'Fiscal cliff' meeting at White House: Will it be 'Lincoln' moment for Obama?
Many Senate Republicans say that with Congress deadlocked on averting the fiscal cliff, it is up to Obama to force a deal. The lesson from the movie 'Lincoln,' they say, is 'the president has to lead.'
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Until Friday, bipartisan negotiations over the fiscal cliff have mainly involved the president and House Speaker John Boehner (R) of Ohio, who was forced to pull his fallback “Plan B” from a floor vote last week after protests in GOP ranks. Friday’s meeting will also include Senate majority leader Harry Reid (D) of Nevada, minority leader Mitch McConnell (R) of Kentucky, and House minority leader Nancy Pelosi (D) of California, along with Vice President Biden.Skip to next paragraph
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Until a call from the president on Wednesday, Senator McConnell says he had had no contact from any Democrat on the fiscal cliff since Thanksgiving. “The phone never rang, so here we are five days from the New Year and we might start talking,” he said in a floor speech on Thursday.
On the House side, Speaker Boehner, who faces a reelection for his post on Jan. 3, says the House has already passed legislation on May 10 and Aug. 1 to avert the entire fiscal cliff, so now the "Senate must act."
"Speaker Boehner will attend a meeting with congressional leaders at the White House, where he will continue to stress that the House has already passed legislation to avert the entire fiscal cliff and now the Senate must act," spokesman Brendan Buck said in a statement on Thursday.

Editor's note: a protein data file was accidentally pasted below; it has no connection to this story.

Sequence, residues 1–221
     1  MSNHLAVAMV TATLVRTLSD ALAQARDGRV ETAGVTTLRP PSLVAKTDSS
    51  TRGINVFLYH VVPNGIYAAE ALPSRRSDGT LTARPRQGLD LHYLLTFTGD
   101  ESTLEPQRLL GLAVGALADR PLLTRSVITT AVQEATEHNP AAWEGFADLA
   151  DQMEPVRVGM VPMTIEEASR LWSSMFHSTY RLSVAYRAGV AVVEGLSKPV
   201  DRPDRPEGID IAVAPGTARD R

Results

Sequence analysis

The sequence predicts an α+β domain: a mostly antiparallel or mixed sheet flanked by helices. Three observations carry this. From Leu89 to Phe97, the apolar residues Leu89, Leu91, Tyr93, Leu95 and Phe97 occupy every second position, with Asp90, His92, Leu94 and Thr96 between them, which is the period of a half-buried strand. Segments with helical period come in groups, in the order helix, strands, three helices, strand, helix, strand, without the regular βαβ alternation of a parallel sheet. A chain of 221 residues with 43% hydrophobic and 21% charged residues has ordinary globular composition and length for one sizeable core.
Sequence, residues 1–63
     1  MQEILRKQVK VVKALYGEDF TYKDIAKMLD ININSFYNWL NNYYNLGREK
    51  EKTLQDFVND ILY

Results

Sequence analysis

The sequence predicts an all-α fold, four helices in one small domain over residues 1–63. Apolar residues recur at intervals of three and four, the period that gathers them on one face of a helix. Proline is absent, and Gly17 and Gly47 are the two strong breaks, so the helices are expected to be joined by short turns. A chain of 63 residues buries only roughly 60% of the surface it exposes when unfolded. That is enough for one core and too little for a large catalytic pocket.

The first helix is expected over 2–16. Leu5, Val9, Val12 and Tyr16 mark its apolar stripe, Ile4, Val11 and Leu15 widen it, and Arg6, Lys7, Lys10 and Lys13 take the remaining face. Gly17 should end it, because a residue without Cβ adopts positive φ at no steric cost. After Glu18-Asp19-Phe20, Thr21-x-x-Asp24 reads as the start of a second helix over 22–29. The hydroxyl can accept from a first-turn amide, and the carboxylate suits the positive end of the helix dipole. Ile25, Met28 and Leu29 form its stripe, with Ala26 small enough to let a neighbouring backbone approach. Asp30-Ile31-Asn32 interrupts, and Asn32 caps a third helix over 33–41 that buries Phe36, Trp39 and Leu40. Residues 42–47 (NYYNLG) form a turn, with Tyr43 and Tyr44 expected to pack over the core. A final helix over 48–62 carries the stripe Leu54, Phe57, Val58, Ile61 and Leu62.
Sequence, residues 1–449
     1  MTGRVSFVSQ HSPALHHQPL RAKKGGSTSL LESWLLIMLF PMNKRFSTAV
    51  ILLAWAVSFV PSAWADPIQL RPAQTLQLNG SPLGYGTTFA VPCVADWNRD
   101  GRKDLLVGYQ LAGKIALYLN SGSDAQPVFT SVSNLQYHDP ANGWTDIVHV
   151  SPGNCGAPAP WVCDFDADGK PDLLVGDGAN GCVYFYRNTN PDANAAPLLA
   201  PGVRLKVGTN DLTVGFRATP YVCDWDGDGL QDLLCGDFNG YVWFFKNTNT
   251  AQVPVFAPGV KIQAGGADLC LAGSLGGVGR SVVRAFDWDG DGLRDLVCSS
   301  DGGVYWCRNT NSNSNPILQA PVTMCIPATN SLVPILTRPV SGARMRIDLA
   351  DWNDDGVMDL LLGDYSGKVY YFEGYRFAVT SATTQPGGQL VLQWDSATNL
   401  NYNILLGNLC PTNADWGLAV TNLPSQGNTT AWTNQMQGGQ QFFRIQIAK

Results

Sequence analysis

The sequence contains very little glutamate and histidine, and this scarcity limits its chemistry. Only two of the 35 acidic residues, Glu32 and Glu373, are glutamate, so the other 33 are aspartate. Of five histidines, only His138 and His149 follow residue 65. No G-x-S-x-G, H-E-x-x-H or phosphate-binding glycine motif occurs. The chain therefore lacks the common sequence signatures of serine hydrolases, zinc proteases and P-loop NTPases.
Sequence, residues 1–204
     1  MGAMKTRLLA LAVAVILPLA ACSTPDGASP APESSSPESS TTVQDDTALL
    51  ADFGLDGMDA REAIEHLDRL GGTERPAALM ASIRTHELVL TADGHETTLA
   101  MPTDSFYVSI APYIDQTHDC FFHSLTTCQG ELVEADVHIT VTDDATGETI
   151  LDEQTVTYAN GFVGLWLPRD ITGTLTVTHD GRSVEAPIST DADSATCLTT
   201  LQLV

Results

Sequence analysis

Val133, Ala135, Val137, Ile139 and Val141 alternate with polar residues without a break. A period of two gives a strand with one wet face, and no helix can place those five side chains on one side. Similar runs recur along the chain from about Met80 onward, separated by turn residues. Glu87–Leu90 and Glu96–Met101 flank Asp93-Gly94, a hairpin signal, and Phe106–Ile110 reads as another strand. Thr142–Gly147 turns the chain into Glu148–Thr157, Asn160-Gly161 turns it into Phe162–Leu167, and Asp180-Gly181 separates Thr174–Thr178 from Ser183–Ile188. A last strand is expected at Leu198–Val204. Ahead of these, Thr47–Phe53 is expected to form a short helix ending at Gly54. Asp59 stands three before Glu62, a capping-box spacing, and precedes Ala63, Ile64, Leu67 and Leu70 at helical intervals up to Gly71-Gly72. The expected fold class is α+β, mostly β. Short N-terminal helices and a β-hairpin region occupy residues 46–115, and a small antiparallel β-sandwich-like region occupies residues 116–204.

With no new offers from Republicans or Democrats on Capitol Hill, say many congressional analysts, it's up to a president who has little incentive to shoulder a burden that the congressional leaders themselves have failed to take up.
"It’s going to go over the fiscal cliff, because it seems to be in everybody’s interest politically to do so," says Ross Baker, a political scientist at Rutgers University in New Brunswick, N.J., who is now interviewing senators on bipartisanship.
While Democrats are stronger in a new Congress, he says, "Boehner’s interest [is] to get past his election for speaker," meaning both sides benefit from extending negotiations beyond the deadline.
“The president's position is so strong,” he adds, “that from his position, it doesn't matter which side of Jan. 1. the effort is made."
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